In a study to be published next year in the Journal of Social and Clinical Psychology, reality shows like How to Look Good Naked, which aim to boost body image, actually make viewers feel worse about themselves.
Over a hundred female college students were divided into three groups and surveyed about mood, body anxiety and weight dissatisfaction.
One group watched How to Look Good Naked, another watched Britain and Ireland’s Next Top Model, and the third watched a nature documentary.
The happiest? Those who watched the nature documentary, of course.
Top Model viewers were more miserable after watching the show. While How to Look Good Naked viewers reported no change in mood, viewers of both reality shows reported significant increases in body anxiety and weight dissatisfaction.
“Because the focus is on the body, you become more aware of your own concerns and how you feel about your body,” lead researcher, Viren Swami, told the Huffington Post. “The women [on How to Look Good Naked] all have problems with their bodies and are trying to improve them. The implicit suggestion is that you should be doing the same.”
If you're deliberating, remote in hand, you're probably better off turning on the Discovery Channel or, better yet, turning off the television altogether.
Do you watch these shows? Do they make you feel better or worse about your body?
In a bid to liven up a dull commute, Londoners and New Yorkers have taken to snapping pics of sexy fellow travellers.
A whole website is devoted to posting the faces of hunky commuters who've been “Tube crushed.” Or, the American equivalent: SubwayCrush.net.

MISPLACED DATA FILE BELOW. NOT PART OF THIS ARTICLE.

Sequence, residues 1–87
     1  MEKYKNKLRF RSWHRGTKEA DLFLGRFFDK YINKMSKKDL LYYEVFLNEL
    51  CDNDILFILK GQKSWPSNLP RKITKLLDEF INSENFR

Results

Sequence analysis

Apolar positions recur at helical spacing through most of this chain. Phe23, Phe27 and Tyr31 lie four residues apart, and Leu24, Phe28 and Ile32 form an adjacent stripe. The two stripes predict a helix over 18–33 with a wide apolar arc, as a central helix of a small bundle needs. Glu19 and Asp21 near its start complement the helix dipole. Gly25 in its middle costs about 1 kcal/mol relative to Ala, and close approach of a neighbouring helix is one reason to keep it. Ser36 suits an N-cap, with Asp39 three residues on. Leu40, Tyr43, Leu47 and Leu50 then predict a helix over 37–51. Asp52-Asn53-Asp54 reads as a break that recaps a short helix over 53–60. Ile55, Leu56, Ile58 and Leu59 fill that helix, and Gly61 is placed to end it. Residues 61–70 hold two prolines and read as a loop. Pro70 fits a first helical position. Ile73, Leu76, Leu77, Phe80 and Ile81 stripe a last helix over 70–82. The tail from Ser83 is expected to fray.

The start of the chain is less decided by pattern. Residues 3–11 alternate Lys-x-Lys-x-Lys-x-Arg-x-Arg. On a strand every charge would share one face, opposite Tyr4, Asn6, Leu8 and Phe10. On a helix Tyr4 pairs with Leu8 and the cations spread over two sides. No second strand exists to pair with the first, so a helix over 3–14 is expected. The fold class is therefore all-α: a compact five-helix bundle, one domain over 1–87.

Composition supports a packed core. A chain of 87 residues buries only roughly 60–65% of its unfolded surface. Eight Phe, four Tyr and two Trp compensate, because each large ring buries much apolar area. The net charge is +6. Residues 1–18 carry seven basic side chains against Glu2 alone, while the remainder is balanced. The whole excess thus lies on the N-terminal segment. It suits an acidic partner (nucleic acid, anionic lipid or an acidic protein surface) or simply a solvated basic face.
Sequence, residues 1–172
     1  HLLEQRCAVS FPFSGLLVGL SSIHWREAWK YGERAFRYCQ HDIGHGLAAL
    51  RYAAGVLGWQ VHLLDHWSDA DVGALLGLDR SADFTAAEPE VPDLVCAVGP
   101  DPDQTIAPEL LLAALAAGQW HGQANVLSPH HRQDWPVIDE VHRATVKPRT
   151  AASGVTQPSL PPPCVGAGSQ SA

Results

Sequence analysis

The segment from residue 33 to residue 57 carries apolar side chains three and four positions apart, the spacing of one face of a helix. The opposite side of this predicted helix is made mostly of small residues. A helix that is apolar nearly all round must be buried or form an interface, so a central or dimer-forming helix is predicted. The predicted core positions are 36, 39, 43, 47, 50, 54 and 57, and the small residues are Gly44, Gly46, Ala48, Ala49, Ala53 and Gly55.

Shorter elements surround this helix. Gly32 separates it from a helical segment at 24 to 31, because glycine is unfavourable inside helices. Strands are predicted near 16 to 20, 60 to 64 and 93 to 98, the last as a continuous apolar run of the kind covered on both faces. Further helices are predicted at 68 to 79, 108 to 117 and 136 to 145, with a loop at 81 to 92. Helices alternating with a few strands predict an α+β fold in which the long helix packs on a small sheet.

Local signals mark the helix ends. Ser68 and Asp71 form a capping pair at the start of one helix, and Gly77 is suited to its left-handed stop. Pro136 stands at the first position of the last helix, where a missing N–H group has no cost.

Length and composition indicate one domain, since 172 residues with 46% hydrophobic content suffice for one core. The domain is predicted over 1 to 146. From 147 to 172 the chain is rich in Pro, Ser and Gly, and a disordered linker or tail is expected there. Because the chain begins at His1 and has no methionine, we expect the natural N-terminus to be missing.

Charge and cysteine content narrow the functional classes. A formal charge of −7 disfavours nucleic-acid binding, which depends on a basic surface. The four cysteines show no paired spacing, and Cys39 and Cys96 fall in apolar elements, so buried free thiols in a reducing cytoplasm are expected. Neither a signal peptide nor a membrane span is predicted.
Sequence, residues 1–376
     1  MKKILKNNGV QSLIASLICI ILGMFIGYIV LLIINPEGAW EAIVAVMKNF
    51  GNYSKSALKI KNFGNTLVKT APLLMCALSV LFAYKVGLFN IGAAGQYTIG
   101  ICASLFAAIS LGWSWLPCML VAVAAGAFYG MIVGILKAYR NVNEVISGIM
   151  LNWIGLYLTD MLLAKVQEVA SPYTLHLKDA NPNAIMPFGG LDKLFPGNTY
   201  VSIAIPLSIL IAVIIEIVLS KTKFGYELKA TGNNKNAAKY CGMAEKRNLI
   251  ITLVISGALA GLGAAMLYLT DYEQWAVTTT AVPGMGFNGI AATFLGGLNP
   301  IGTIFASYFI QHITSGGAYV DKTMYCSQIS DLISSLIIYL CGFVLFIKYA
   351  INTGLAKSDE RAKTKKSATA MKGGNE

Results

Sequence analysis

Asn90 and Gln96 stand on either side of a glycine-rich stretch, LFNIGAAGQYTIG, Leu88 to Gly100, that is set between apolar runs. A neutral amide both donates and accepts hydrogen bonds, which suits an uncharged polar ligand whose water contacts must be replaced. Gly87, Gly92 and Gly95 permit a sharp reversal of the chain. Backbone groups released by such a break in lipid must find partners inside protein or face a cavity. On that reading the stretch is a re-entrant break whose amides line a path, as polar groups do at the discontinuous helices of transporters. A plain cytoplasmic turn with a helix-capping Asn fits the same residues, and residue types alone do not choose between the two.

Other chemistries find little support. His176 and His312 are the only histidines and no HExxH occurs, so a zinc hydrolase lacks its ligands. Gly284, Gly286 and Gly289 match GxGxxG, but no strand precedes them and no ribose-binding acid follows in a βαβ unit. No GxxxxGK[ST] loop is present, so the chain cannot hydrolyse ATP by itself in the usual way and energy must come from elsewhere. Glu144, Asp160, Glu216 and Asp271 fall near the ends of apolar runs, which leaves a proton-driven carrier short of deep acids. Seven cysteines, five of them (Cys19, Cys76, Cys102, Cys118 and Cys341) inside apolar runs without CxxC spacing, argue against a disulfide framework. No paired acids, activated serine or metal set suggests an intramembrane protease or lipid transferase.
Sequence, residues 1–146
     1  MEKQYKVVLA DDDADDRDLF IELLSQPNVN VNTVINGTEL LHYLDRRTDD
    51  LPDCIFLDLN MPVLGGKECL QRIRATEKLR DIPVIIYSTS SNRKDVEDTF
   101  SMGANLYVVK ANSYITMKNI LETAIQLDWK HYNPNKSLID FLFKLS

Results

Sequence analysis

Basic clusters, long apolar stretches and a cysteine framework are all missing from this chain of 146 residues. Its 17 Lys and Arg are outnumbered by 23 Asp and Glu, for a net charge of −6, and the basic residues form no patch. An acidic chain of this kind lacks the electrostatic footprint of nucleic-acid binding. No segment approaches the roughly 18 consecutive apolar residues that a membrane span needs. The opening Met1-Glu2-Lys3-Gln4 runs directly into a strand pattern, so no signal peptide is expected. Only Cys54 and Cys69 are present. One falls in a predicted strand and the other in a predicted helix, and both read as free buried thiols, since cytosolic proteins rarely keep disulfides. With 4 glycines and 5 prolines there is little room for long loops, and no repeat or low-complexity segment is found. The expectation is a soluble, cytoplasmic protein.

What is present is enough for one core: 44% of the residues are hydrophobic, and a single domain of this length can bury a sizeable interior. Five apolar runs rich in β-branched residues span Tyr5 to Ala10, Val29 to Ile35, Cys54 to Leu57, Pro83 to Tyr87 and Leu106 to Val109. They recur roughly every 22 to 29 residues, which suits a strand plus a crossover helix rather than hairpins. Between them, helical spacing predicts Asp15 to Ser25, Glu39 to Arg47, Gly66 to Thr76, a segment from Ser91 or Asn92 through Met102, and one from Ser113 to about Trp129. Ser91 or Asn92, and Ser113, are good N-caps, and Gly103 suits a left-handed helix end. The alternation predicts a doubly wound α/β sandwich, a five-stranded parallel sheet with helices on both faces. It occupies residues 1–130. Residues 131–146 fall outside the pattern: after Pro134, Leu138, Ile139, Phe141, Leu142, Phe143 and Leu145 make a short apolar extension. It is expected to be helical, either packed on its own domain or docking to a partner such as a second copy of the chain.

In a modern twist on candid camera, a hunky man's mug shot is captured on a cell phone and then posted on these sites.
And later -- as in the case of Mr White Shirt -- commented on and polled according to hunkiness.
Admittedly, cell phone cameras are so discreet these days, and it's men rather than women being objectified for once. While most comments are complimentary, isn't the site an invasion of privacy?
Just because you can doesn't mean you should."
Want to be taken seriously at work? Then slap on some makeup. Sad but true.
According to a new Harvard study, made up women on the job are perceived as more competent, likeable and trustworthy by colleagues.
The study by the Dana-Farber Cancer Institute flashed the faces of 25 women, made up to different degrees. More than 250 people grilled pegged those women more noticeably made up to be more competent than their démaquillée counterparts.
Despite the hordes feminists jumping up and down in naked outrage, the correlation speaks volumes.
A case of chicken or egg? Does wearing makeup make us feel (and act) more confident, or are we simply perceived to be so?